Edward Said's shadowy legacy Robert Irwin TLS:
It's a lament often heard in Covenant Zone circles, when news of the latest atrocity of left dhimmi fascism from the Labour government (and associated bureaucracies) of the UK comes to our attention, that Britain is the most hopeless of all the European nations when it comes to preserving itself in face of the Global Intifada.
Yet what is on centre stage today is the fruit of intellectual fashions that began thirty and forty years ago. What we don't yet see are the outcome of today's shifting attitudes, the evidence of which is hard to see from abroad, though we catch glimpses on comments left around the web.
It seems to me worth a quick note that one of the leading arbiters of academic and public intellectual fashions in the UK (and elsewhere in the English-speaking world), The Times Literary Supplement, a journal which I read as seeking the liberal centre in most things, is not simply publishing a review criticizing Edward Said - this is now common enough - but doing so through the pen of its own Middle East editor, and with a mostly favorable nod to the recent, unabashedly pro-Western, work of Ibn Warraq. Reviewer Robert Irwin mentions certain things I would not expect to read in such a polite journal, though they are well known in the blogosphere:
Ibn Warraq is the pseudonym of a former Muslim and the author of Why I Am Not a Muslim and Leaving Islam. Since the penalty for apostasy is death, he is wise to write under a pseudonym. He is less concerned than Varisco with Said’s rhetorical sleight of hand, though he does point out quite a few examples of it. He is more interested in Said’s numerous factual errors. Defending the West is more diffuse than Reading Orientalism, since Orientalism has provoked Ibn Warraq to defend Western culture, rationality and objectivity from the assaults of Said and others. In the first part of his book Ibn Warraq combines a broad history of Western culture with a detailed attack on Edward Said. Particular attention is paid to the heritage of Greek rationality, Christian values in seventeenth-century Orientalism, and the history of Orientalism in India. In the second half of the book he discusses Orientalism in painting, sculpture, literature and music.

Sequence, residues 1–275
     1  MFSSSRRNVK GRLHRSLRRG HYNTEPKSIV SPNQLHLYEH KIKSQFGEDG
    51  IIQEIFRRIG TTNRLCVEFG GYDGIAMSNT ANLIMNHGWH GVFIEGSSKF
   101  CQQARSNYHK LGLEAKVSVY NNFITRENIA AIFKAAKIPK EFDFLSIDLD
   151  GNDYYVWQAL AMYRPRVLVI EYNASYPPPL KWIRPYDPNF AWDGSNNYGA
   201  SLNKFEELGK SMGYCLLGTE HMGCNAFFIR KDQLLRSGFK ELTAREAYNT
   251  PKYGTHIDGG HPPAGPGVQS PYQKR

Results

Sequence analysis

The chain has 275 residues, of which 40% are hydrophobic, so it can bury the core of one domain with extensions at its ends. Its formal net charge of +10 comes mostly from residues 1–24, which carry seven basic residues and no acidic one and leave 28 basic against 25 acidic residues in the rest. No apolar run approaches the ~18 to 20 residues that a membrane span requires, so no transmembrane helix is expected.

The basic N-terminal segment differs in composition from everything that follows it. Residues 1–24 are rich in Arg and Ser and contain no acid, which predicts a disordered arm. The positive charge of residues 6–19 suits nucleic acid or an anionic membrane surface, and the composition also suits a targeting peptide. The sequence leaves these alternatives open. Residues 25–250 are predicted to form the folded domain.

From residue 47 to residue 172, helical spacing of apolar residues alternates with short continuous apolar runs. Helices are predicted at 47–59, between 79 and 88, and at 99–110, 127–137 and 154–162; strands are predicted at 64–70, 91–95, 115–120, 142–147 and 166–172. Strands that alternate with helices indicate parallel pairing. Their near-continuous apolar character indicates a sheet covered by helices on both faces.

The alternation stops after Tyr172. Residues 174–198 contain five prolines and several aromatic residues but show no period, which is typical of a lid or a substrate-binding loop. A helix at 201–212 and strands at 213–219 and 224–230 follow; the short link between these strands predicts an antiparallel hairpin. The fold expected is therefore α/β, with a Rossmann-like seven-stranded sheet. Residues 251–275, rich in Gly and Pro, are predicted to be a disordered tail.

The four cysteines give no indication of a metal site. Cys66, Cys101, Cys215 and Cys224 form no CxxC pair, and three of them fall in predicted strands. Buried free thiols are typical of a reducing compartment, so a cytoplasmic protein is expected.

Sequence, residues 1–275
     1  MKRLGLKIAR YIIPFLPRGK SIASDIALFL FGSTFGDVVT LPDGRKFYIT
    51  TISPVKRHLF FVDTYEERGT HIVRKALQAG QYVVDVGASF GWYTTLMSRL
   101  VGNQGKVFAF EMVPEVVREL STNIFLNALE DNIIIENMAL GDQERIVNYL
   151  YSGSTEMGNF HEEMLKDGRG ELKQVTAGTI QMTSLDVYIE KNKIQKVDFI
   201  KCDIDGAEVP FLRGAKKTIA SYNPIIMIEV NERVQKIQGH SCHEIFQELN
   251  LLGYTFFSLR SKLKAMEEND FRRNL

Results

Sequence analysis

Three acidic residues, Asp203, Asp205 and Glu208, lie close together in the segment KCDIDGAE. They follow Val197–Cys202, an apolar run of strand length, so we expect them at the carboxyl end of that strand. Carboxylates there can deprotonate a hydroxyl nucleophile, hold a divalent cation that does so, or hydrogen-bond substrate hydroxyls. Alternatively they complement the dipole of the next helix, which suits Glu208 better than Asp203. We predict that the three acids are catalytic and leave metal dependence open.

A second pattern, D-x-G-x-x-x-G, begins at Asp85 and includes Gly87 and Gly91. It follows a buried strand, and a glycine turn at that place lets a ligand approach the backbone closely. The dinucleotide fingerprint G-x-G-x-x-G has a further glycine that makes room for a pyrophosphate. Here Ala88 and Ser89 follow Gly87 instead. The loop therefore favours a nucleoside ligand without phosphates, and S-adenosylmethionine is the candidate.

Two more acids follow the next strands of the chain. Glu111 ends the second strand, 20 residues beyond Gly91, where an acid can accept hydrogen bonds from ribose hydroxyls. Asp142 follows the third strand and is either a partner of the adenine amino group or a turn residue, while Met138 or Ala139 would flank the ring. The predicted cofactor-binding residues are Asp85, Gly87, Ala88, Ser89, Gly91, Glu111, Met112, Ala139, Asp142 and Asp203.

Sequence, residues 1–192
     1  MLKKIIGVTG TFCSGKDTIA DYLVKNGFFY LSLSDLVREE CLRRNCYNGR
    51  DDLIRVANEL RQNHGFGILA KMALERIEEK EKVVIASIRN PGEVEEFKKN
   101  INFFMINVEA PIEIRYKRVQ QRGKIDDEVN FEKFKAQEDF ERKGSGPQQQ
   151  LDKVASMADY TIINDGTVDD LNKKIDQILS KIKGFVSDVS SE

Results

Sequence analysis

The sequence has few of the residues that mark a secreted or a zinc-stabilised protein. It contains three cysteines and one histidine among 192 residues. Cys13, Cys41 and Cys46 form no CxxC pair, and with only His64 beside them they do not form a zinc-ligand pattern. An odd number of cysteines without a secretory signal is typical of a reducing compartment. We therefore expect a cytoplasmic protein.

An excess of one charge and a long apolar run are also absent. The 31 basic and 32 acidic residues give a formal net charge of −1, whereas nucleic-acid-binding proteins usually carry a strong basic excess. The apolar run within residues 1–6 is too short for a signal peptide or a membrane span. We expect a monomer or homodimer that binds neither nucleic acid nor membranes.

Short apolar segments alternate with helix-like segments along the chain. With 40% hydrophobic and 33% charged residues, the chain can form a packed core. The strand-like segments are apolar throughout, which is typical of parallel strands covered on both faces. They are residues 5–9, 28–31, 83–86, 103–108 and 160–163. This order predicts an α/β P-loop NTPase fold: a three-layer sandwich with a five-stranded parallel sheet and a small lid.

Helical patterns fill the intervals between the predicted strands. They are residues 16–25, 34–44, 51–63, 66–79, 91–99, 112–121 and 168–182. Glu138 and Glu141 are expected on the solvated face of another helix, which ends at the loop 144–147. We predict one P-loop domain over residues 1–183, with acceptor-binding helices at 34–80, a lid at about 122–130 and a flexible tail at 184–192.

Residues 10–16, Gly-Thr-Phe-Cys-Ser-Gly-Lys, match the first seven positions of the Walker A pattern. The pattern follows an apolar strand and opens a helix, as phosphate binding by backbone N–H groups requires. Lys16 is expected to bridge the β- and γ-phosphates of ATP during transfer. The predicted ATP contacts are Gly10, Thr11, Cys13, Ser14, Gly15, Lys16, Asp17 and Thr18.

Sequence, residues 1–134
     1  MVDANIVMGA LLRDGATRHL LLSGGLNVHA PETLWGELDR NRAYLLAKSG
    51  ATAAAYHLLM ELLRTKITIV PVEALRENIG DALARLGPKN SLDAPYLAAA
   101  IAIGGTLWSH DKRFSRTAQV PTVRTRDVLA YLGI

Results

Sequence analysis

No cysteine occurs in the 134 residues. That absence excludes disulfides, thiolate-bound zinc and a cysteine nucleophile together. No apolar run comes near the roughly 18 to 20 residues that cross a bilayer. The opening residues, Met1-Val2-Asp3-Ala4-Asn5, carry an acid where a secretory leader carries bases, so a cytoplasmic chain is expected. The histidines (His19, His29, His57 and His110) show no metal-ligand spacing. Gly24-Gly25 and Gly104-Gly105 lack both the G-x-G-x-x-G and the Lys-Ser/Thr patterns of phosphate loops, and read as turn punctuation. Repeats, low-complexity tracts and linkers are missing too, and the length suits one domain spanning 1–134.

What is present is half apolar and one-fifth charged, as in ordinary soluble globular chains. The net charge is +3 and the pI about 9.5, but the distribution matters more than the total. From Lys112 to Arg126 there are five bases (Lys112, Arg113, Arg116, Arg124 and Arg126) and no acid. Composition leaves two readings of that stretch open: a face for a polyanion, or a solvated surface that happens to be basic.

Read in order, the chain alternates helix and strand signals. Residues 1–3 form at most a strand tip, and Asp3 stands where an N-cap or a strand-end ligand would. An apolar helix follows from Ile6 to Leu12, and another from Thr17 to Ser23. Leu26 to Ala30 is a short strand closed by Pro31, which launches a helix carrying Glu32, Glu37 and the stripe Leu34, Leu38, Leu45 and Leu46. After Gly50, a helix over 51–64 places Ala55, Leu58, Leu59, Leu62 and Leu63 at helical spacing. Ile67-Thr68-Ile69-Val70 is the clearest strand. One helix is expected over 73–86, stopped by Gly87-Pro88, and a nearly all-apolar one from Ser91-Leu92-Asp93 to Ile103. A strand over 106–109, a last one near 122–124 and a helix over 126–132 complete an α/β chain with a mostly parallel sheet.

Ibn Warraq shows how, lacking a background in history, Said was as ignorant of the chronology and geography of the Arab conquests, as he was of those of the British and French empires. Said was obsessed with sexual readings of apparently innocent texts. He managed to find an erotic subtext in Vatikiotis’s slightly dull article on revolutions. Alphonse de Lamartine does not travel in the Middle East, but he “penetrates” it. In discussing Kipling’s Kim, Ibn Warraq remarks that “Said has the irritating habit of claiming to know how the ‘Indian reader’ will react to the novel. I am an Indian reader, and do not read it as Said’s ideal Indian reader does, and I shall quote other Indian readers who do not either”. Ibn Warraq finds Said’s characterization of Thomas Carlyle and John Henry Newman as “liberal culture heroes” quite absurd.